[erlang-questions] Is ei_xreceive_msg() thread safe?

Sverker Eriksson <>
Wed Aug 28 12:04:04 CEST 2013


On 08/27/2013 05:27 PM, Peter Membrey wrote:
> Hi Serge,
>
> Thank you very much for clarifying this! At least I know where everything stands now.
>
> Does the scenario I'm talking about make sense? Could a heartbeat in the current design end up interleaved with other data? I suspect it would be pretty rare, but we pump 10 million or more messages through this app per day, so even if the chance was a million to one, we'd end up seeing it ten times a day on average...
Yes, it make sense. The ei_send/receive API  is not thread safe for the 
same file descriptor.

> I'm thinking for now that I'll give Robert's suggestion a try. If I call ei_xreceive() with a timeout and wrap a mutex around it, would that then protect the socket? I'm assuming (probably a bad thing) that it doesn't reply in a different thread or something...
>
> I guess it would be a bit wasteful to effectively poll the socket every millisecond or so (I can't really block the other threads from writing longer than that) but it seems to be a potential way to resolve this issue in the short term while I come up with a better fix.
>
> Does that sound like a reasonable plan?
You could use select() to wait for a message to arrive on the socket.
Then lock your mutex and call ei_xreceive().

It might not be such a good idea to poll by repeated calls to 
ei_xreceive() with a short timeout. You can get situations when the 
timeout triggers after receiving half a message. That will make all 
following calls to ei_xreceive() get out of synch and probably fail. I 
guess the probability of this scenario depends on the message sizes and 
the speed and reliability of your connection.

Calling ei_xreceive() without a timeout and my suggestion with select() 
on the other hand could make a hickup on the net to cause all your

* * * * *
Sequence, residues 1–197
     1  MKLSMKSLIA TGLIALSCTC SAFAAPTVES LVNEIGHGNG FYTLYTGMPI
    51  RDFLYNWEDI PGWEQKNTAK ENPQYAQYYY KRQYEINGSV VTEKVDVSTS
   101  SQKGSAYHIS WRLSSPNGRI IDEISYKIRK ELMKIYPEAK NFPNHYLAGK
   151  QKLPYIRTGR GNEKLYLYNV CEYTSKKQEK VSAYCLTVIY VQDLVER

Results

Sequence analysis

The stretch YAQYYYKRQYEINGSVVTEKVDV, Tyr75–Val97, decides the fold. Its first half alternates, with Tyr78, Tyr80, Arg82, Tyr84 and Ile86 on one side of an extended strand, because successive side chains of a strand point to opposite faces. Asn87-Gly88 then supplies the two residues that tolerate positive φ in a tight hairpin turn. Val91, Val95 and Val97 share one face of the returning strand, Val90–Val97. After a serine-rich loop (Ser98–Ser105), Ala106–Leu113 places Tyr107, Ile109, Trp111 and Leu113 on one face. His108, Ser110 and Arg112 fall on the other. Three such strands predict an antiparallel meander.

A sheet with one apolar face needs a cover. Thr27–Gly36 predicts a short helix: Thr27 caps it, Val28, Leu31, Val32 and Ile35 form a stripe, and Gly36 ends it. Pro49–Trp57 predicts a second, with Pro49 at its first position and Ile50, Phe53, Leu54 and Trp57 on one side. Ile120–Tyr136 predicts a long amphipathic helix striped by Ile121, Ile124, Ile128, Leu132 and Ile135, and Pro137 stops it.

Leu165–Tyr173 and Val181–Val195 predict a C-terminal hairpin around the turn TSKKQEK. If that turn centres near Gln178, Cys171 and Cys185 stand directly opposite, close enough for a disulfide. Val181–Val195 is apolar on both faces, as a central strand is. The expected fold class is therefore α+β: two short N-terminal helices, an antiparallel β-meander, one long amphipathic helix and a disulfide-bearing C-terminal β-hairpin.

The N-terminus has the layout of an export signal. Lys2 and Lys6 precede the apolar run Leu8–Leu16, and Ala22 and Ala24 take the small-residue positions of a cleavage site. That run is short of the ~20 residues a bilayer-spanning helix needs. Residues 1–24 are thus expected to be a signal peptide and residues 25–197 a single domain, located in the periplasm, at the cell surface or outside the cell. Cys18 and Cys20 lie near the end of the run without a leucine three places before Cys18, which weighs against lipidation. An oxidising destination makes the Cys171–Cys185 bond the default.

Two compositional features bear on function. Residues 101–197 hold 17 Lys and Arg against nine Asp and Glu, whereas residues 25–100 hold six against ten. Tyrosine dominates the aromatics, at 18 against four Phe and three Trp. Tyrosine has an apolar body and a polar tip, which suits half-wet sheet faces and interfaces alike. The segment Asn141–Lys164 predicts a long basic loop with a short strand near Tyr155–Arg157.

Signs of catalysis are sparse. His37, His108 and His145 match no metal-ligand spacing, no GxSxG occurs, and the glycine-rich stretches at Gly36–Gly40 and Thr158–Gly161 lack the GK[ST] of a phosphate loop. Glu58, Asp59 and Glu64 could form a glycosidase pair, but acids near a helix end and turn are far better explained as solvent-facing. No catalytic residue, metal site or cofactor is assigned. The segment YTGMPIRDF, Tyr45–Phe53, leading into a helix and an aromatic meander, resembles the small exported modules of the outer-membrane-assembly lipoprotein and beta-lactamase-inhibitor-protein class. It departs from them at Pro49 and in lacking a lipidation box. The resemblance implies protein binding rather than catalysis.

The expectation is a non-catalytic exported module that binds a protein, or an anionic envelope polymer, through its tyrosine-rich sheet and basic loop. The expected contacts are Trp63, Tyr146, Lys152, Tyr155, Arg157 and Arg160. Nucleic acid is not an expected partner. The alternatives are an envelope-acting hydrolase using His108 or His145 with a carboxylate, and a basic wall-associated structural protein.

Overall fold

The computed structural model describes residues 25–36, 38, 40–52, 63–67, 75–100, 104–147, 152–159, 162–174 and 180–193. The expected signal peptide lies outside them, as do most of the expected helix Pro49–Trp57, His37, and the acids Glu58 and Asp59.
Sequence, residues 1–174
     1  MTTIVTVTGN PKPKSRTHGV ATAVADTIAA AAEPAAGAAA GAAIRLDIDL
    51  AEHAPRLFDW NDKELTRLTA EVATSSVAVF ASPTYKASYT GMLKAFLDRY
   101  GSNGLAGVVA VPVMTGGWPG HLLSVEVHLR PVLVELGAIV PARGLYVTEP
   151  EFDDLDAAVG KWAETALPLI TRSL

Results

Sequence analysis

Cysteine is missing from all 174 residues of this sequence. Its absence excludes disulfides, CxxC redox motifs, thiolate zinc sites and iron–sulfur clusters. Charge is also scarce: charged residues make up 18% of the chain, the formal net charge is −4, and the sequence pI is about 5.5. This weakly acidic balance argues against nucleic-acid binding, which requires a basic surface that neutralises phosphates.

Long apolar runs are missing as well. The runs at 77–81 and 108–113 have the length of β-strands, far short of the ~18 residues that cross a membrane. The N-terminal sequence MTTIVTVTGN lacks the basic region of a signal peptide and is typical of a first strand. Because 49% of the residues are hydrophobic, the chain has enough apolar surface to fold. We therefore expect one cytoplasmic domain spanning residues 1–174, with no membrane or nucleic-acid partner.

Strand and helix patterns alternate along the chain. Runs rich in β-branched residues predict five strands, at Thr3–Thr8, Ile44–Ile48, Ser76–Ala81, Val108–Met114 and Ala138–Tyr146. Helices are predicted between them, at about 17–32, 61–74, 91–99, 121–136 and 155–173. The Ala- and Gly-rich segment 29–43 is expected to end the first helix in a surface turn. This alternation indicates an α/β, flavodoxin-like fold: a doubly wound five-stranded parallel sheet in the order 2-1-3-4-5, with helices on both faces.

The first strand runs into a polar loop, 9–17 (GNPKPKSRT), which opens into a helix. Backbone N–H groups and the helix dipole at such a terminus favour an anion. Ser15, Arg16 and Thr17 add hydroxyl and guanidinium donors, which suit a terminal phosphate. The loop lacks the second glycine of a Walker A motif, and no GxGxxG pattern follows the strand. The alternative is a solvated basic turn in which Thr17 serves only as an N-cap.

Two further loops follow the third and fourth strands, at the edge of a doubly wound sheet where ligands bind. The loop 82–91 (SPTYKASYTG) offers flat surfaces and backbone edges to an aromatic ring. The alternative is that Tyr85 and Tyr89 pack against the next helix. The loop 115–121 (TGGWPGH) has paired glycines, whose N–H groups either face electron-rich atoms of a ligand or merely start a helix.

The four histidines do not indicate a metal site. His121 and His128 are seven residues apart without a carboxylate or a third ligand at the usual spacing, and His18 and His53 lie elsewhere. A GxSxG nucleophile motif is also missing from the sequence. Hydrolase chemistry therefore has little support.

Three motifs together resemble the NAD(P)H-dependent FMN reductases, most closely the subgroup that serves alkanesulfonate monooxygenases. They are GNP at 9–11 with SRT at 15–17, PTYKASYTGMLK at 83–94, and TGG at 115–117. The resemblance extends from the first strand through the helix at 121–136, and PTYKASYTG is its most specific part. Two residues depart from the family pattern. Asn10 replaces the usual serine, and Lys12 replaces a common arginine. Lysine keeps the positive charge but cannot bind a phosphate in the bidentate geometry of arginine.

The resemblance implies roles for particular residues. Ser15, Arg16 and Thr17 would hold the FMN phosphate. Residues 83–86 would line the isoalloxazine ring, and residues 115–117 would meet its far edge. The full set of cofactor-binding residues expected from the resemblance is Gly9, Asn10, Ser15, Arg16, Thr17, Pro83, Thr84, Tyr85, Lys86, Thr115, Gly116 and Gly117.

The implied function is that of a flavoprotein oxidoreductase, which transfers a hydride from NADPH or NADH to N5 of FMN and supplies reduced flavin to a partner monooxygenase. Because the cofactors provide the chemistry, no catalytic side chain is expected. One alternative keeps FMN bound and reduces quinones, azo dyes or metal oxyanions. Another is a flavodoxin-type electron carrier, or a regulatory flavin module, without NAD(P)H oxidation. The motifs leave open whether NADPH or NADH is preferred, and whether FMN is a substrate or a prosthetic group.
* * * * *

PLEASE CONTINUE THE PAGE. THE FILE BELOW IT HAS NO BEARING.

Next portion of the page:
sending threads to freeze waiting for the mutex.

/Sverker



>
> Thanks again!
>
> Kind Regards,
>
> Peter Membrey
>
> ----- Original Message -----
>
> From: "Serge Aleynikov" <>
> To: "Peter Membrey" <>
> Cc: "Erlang Questions" <>
> Sent: Tuesday, August 27, 2013 10:59:27 PM
> Subject: Re: [erlang-questions] Is ei_xreceive_msg() thread safe?
>
> e
> i_send/receive family of functions are not thread safe, and receive functions do handle heartbeats internally. The way the ei_{connect,send,receive} functions are written it's not possible to do any non-blocking I/O with them or use them in multi-threaded code in the manner you described without modifying the functions.
>
> You can take a look at the alternative C++ library that doesn't have such limitations:
> https://github.com/saleyn/eixx
> , and offers almost all functionality that ei has.
>
> Regards,
>
> Serge
>
>
> On Tue, Aug 27, 2013 at 3:30 AM, Peter Membrey <  > wrote:
>
>
> Hi guys,
>
> I've got a fairly basic C Node set up where I have the main thread running in a loop with ei_xreceive_msg() and a number of "callback" threads that execute functions and write data using ei_send() to the shared socket (connecting to the Erlang node).
>
> Originally I had a lot of data corruption (the Erlang node crashing due to corrupt data) because of incorrect locking on socket writes. I added mutexes to the ei_send() calls and this problem seemed to go away.
>
> However I've had a couple of occasions where the system has been quiet and then suddenly become busy where corrupt data has still been sent to the Erlang node. I'm positive all the places where I do ei_send() are protected, but that got me wondering about ei_xreceive_msg().
>
> >From what I can find, ei_xreceive_msg() automatically handles heartbeats for you and I guess that means it will send some sort of reply on that socket. If the heart beat is being sent at the same time as some other process tries to write to the socket, is it possible that the two could get interleaved or something? I would honestly have thought it unlikely but I'm running out of ideas.
>
> Assuming it's possible, how could I add a mutex in this case? The call itself blocks, so I can't wrap the whole call in the mutex else nothing else will be able to send data, and there's no way to pass a mutex into the call itself. So as far as I can tell, there's no way to protect these writes and prevent them from getting mixed up with other writes on that socket.
>
> Does anyone have any ideas? I'm quite willing to accept I could be doing something pretty stupid, but I'm really out of ideas as to what that might be...
>
> Thanks in advance!
>
> Kind Regards,
>
> Peter Membrey
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